HealthSheets™


Discharge Instructions: Limiting Fluids

Your doctor has prescribed fluid restriction for you. This means you need to limit the amount of fluids that you drink. If your kidneys are healthy, they balance the amount of fluid that enters and leaves your body. If your body can't maintain this fluid balance because of illness or injury, you may need to limit the amount you drink.

Measuring fluids

Drink the amount of fluid recommended by your doctor. Don’t drink more or less.

Write down the liquid limits your doctor recommended. Amounts are usually given in a certain number of ml or cc (1 cc equals 1 ml). Here are some measurements to help you:

  • 1 ounce = about 30 ml = about 30 cc

  • 1 cup = 8 oz = about 240 cc = about 240 ml

  • 4 cups = 32 oz = about 1,000 ml (or cc) = almost 1 liter

Limiting fluids

  • Drink only when you are thirsty.

  • Try the following tips to help you feel less thirsty:

    • Rinse your mouth with water, but don’t swallow.

    • Rinse your mouth with cool mouthwash.

    • Chew sugar-free gum or hard candy.

    • Suck on a few ice chips.

    • Try sucking on a lemon wedge to moisten your mouth.

    • Freeze grapes, berries, or small bits of fruit and let them thaw slowly in your mouth.

  • Drink from a small cup or glass.

  • Divide your fluids up during the day. Divide them between meals and snacks.

  • Take your medicine with your liquids at mealtime.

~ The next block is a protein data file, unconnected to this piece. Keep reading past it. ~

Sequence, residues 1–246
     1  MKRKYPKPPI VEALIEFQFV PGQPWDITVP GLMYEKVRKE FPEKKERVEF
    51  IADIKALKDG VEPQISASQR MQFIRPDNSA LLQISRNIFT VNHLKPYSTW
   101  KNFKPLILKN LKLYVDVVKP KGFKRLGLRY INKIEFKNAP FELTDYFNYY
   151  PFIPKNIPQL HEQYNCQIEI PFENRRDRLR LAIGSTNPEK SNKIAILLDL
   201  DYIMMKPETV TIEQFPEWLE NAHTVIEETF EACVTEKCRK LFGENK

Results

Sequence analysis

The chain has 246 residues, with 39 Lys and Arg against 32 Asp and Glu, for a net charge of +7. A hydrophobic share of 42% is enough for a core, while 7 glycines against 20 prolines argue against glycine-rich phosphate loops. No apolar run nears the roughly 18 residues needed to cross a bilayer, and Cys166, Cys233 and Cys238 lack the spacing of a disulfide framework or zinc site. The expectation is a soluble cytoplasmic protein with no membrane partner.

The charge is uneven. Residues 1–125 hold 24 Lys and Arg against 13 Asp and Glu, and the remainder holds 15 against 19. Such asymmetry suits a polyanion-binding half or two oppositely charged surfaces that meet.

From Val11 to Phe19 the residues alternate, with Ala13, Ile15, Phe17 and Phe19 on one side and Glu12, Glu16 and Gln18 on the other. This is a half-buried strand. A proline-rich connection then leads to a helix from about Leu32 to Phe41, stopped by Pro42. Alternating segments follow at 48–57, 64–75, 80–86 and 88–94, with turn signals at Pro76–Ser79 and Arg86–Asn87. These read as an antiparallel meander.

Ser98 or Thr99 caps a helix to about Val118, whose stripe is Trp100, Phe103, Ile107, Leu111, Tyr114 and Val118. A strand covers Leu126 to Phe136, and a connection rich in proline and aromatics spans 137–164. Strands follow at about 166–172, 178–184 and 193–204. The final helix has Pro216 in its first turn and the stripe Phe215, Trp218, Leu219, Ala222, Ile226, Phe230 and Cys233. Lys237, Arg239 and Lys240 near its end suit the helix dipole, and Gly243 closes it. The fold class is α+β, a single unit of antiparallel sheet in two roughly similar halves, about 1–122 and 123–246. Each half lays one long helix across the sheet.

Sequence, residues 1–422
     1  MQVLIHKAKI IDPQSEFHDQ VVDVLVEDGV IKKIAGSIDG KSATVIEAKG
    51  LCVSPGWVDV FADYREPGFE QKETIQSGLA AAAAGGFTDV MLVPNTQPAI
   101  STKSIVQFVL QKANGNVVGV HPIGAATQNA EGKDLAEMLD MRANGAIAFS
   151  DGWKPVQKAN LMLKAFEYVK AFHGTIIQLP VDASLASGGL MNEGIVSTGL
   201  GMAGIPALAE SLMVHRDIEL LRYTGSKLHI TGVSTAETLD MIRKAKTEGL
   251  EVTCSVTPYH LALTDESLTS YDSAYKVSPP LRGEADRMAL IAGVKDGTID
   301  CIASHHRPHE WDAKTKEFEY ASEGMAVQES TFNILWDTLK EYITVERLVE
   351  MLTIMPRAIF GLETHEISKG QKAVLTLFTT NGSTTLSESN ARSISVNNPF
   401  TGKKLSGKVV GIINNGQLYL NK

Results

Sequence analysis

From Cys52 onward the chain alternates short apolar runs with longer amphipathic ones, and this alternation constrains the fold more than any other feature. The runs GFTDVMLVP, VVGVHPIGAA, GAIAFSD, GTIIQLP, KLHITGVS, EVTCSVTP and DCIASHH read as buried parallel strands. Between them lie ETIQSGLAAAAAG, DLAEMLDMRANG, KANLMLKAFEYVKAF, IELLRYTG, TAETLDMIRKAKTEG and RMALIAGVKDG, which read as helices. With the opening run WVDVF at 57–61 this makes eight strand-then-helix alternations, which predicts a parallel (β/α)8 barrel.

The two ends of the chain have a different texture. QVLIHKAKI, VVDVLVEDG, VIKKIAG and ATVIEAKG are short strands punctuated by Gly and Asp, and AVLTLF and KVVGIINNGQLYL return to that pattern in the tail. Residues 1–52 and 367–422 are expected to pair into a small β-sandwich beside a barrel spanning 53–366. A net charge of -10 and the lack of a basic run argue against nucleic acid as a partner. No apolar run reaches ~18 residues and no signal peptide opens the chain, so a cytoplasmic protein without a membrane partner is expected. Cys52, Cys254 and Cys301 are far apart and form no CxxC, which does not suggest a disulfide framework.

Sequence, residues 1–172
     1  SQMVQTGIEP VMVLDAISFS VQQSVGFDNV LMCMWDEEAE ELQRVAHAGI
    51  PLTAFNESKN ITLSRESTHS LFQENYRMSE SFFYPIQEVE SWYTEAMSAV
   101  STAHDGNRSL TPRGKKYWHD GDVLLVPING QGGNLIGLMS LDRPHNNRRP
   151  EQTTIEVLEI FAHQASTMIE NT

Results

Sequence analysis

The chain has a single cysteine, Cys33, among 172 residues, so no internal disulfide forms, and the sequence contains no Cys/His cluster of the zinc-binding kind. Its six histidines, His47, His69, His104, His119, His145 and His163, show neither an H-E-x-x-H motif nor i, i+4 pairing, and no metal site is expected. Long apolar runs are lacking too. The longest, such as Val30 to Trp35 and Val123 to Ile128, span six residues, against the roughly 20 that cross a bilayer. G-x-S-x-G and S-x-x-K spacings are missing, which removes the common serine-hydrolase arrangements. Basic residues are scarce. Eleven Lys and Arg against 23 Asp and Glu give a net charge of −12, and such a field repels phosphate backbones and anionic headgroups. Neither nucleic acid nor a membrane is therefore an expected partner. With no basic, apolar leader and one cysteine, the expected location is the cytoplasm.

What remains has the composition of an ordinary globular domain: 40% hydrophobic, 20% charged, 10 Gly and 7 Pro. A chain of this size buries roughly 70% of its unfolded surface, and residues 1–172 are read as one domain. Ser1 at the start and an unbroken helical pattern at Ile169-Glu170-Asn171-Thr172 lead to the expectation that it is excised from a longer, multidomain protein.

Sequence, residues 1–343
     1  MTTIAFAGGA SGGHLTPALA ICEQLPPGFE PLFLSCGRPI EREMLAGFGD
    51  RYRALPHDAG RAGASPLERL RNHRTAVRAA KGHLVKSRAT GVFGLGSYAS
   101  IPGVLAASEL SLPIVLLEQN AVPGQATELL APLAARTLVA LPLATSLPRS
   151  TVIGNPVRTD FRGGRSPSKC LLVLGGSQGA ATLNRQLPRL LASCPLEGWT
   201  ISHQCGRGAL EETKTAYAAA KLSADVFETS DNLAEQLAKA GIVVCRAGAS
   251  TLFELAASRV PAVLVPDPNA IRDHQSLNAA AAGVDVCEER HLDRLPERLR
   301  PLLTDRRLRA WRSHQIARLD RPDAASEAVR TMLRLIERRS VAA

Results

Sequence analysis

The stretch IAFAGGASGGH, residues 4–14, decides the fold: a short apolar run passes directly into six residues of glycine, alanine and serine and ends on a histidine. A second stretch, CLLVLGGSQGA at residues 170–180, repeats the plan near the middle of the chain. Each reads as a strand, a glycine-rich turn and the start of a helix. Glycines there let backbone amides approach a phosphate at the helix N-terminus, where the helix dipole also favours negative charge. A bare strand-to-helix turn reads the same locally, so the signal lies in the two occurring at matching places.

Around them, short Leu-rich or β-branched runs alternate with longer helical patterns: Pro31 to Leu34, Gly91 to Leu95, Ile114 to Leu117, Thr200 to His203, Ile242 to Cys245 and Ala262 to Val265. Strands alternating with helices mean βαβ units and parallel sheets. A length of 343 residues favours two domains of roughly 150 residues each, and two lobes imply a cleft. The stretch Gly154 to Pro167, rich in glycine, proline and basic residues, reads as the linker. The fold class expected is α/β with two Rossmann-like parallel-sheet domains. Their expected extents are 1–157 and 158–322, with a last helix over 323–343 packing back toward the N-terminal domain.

• Eat only a limited amount of the following “liquid foods": soups, frozen juice bars, gravy, ices, sauces, milk shakes, pudding, sherbet, custard, ice cream, ice cubes, or any other food that becomes liquid when it stays at room temperature.

  • Avoid salty foods. Remember, some foods may not taste salty but may still contain a high amount of salt (sodium). Read food labels to find the amount of sodium. A food is low sodium if it contains 140 mg or less of sodium per serving.

  • If you have diabetes, control your blood sugar level to help control your thirst.

Follow-up

Make a follow-up appointment with your healthcare provider, or as advised, 

When to call your healthcare provider

Call your provider right away if you have any of these:

  • Dizziness and lightheadedness

  • Fainting

  • Chest pain

  • Shortness of breath

  • Weight gain of more than 2 pounds in 24 hours, or more than 5 pounds in 1 week

  • Swelling in the hands, feet, or ankles

  • Confusion

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